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My working philosophy

Before I am writing anything about my philosophy, I have to pronounce, that I did not just see myself as a craftsmen, but also as an artist. A craftsman works with straight guidelines and templates, this is not my goal. When I begin to work with a workpiece, I do it with the joy and inspiration that is needed to make an unicum out of a piece of steel. Of course my job is that of a craftsman and of course I have to work with guidelines too, but I think what counts is the attitude, the working method. Out of this reason my deadlines are just coarse guidelines and tentative and all products are unique. Your product can vary from that shown on the picture and you cannot compare the weapons.
My workpieces arise with time, love, joy and inspiration. Through that they get their authentic and living essence. Anyway I use the word of a craftman in the following article, because I incorporate my coleagues and not all of them see themselves as artists.

All my workpieces are 100% handmade without any industrial made parts, like for example cross-guards or pommels off the rack. Every piece of the workpiece is crafted by myself, from the knifeblade to the handle, the pommel and metal inlays.

My philosophy can be summed up in these words: Tradition instead of technology. This means I try to avoid the use of machines. I am convinced that the cold perfection of the machine destroys the soul of aworkpiece. Two sentences of my past shaped me in this conviction. on the one hand my art-teacher who said: "Symmetry is the Art of the Dumb" and on the other hand an old master bricklayer said: "You have to flush the plaster with your hand, you must see the, so it lives." Those shaping sentences left positive marks and formed my way of working. To form the workpieces free-handed, without calculated perfection or digital computing, only with the measurements of hand and eye, which became tools themselves, this is my claim, to put something from me in every weapon, some kind of handwriting. In my article about the tempering of the blades you can read that I make my weapons with the "stock removal" method, so the blades get cut out of flat steel. Isn't that a complete contradiction? No, no contradiction but a neccessary compromise. I'd love to avoid every use of machinery, but then I wouldn't be sellable. The effort and the needed time would not be proportional to the price you could demand for such a weapon.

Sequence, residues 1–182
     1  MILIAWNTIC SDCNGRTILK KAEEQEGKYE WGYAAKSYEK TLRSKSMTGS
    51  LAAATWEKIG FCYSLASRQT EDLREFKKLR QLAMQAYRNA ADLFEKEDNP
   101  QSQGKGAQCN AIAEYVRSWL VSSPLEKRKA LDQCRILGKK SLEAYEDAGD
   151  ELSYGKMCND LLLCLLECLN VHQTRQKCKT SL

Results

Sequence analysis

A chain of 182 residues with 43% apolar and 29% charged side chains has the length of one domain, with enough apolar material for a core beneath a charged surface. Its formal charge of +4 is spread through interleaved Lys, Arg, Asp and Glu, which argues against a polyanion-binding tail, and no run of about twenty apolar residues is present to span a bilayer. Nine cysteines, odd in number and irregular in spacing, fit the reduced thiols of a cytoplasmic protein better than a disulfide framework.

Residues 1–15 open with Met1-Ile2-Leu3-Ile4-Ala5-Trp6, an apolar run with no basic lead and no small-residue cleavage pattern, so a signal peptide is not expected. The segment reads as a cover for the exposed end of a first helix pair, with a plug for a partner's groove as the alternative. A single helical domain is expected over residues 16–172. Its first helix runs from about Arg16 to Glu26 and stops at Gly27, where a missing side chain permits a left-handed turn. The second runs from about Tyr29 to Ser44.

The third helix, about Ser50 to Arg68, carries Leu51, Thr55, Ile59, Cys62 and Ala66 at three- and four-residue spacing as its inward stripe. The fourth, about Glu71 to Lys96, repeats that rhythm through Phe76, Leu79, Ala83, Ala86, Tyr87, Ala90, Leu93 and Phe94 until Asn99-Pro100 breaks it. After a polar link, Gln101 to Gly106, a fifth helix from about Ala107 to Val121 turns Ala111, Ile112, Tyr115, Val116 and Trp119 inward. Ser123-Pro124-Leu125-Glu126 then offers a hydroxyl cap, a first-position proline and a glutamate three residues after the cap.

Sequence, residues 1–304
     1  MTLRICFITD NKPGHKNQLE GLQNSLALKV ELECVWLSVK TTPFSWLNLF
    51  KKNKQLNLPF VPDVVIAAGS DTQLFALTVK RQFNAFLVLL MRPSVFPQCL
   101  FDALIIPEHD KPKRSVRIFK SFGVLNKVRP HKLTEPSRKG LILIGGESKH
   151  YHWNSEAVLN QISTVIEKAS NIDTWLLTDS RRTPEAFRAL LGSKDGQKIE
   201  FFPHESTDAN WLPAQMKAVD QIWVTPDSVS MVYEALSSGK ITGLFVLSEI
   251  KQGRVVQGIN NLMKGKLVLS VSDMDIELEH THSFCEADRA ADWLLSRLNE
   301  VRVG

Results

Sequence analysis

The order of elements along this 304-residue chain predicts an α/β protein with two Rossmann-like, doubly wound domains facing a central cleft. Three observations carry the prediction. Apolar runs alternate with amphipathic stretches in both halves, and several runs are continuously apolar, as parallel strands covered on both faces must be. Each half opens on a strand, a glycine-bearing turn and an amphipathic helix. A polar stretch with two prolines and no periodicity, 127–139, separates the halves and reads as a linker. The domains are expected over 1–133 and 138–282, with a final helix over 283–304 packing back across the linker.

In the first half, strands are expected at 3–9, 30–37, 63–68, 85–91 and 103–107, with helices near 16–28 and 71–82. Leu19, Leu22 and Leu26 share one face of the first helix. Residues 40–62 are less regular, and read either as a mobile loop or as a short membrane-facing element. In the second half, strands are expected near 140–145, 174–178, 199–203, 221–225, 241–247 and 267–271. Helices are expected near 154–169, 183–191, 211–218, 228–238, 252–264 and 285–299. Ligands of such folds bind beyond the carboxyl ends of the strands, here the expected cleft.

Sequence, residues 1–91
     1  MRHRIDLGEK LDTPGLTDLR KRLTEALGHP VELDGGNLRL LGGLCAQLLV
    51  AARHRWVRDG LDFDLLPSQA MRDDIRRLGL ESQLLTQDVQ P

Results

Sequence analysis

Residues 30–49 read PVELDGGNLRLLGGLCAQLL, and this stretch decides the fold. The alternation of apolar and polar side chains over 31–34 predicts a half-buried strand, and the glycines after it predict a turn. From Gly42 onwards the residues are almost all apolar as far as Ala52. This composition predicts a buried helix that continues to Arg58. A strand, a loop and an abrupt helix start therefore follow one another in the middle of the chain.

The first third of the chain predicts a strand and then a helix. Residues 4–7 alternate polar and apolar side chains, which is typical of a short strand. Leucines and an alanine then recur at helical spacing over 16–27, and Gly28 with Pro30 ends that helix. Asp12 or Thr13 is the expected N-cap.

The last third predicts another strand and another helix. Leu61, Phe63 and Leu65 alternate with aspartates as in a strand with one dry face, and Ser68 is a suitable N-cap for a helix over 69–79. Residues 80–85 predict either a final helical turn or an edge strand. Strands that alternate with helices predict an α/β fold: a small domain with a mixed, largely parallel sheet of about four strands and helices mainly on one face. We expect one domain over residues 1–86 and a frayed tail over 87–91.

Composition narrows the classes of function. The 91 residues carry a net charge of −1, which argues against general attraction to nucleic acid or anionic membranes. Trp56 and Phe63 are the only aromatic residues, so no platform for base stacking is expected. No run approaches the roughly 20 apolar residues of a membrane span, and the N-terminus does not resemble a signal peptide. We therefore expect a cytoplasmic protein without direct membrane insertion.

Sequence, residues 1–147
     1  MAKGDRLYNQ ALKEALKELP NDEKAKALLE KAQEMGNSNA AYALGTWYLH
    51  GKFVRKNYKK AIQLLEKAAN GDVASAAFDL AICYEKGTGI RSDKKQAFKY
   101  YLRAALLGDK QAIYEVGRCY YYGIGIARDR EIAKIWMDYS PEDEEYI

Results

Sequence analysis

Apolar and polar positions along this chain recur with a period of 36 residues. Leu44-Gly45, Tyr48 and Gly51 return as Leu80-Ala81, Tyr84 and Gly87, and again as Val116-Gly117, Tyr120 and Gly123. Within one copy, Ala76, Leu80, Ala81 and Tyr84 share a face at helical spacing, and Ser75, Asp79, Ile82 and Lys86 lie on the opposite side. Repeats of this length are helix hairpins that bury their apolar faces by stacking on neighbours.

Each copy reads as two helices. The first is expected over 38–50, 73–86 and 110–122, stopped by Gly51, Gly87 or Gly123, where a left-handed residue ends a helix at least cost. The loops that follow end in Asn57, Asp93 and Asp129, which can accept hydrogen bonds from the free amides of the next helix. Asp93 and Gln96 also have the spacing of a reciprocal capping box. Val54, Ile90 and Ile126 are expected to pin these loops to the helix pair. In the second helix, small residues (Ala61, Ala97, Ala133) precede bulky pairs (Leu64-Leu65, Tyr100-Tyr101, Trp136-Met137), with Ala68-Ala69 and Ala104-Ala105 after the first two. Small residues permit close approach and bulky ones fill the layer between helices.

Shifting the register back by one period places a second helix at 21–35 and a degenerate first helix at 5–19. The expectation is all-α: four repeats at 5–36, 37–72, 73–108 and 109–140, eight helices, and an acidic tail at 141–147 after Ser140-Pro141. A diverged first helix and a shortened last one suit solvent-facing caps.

So I spare where it is not neccessariliy needed for the form and unique look of the blade and where it does not stay in conflict with my philosophy of the free hand and use modern machines as a matter of profitability to preserve my craftmanship. In other areas, such as the tempering I only rely on the philosophy of the free hand and use traditional techniques and my experience. On this way I give the weapon its soul. It is very important to me that all processes that create and shape the soul of a weapon only happen free handed and only with the experience I gathered over the years and my free hand. This interaction of tradition and technology guarantees, that real craftmanship with a soul get combined with a sellable price and the most important, to immortalise my handwriting in steel and fire.

The smiths in ancient times were craftsmen who made there weapons for a purpose, sometimes with wefts of the fashion of this time, although the smith made the sword by his own convenience and not with a caliper and technical drawings. However that does not mean that I want to grade down their working methods. I think its remarkable to reconstruct a sword as it was decades ago, it is just not my way, but if some of those collectors and too often "craftman" try to evaluate the quality of my work on the historical correct form of the weapon, I will avoid any discussion with such little minds.

Likewise I will proceed with people who complain about sloppy work, just because the tapering is not exactly straight. Such smartasses should be moved from my yard with a kick in the ass. As long as the quality and function of a workpiece is right nobody worked sloppy. I think it is arrogant to say that only blades are good, which look like they coming right from the CNC-machine- Although it should be the goal of every craftman to improve your skills steadily plus work at your best.

There may be craftsmen whose customers have got enough money to buy swords which are as neat as a pin and accurate to the millimetre, but there are also customers who are not willing or able to pay 4500€ or more for this effort and time, but they have a right to get a sword that is also neat and good. Such a weapon could be a compromise, but gut exceed such a "wonderweapon".

Hence it is for smiths like me, who are mainly produce weapons for the mid-range price segment, important to concentrate on the vital factors, because of the lack of time: Hardness, flexibility, weight, balance, swinging points, good fitting of pommel and cross-guard, proportions and its distribution, geometry of the blade and stain resistance. if those aspect are fulfilled we can face factors like 100% scratchfree surfaces, edges in which you can mirror yourself etc. Those aspect are those of the look but not that conducive to the function of the sword.

I want to emphasize again that the duty of every craftsmen is to work conscientious, but to set the priorities right, which are given through the given parameters. It is important as a craftsman to know where you should set your priorities and as a customer it is likewise important to know your criteria when buying a new sword, but also to distinguish an outstanding weapon from a sloppy made one or if it is a oustanding weapon with the handwriting of its creator.